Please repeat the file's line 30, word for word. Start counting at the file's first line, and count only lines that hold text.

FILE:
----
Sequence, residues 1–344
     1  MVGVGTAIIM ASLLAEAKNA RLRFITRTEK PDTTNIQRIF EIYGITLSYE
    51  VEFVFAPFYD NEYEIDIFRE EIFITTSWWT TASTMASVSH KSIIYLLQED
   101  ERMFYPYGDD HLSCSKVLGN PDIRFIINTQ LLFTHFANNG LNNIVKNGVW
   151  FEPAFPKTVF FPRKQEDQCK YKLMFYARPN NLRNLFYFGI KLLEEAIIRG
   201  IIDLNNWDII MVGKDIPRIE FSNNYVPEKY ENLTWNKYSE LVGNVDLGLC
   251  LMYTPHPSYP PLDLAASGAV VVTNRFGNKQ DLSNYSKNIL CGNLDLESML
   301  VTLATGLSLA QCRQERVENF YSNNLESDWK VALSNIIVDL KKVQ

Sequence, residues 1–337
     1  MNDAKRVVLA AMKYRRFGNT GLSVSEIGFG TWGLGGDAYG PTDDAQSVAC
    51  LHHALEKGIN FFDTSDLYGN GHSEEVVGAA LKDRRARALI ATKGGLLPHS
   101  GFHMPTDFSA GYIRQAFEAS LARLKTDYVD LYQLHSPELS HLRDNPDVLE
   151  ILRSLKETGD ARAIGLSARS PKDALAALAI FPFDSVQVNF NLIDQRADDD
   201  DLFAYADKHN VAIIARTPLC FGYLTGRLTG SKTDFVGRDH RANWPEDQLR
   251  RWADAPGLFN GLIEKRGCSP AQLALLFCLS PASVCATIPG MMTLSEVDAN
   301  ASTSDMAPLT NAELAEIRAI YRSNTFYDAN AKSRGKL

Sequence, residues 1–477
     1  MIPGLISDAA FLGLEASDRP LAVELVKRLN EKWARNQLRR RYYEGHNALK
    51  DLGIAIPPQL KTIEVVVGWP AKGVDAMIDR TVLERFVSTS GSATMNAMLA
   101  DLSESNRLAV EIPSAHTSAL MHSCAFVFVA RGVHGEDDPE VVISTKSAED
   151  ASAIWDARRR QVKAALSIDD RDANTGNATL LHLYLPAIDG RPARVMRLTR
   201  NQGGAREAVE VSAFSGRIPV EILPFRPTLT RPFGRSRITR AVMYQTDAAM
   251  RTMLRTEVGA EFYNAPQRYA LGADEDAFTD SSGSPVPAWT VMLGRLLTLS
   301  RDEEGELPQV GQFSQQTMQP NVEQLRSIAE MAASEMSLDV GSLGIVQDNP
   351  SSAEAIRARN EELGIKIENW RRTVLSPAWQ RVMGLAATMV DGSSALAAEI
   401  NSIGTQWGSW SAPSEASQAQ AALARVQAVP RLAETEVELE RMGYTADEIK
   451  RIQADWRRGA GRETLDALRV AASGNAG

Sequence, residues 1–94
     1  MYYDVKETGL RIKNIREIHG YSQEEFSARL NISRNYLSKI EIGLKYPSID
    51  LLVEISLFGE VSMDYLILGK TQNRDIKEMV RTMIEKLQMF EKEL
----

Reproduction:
    51  LLVEISLFGE VSMDYLILGK TQNRDIKEMV RTMIEKLQMF EKEL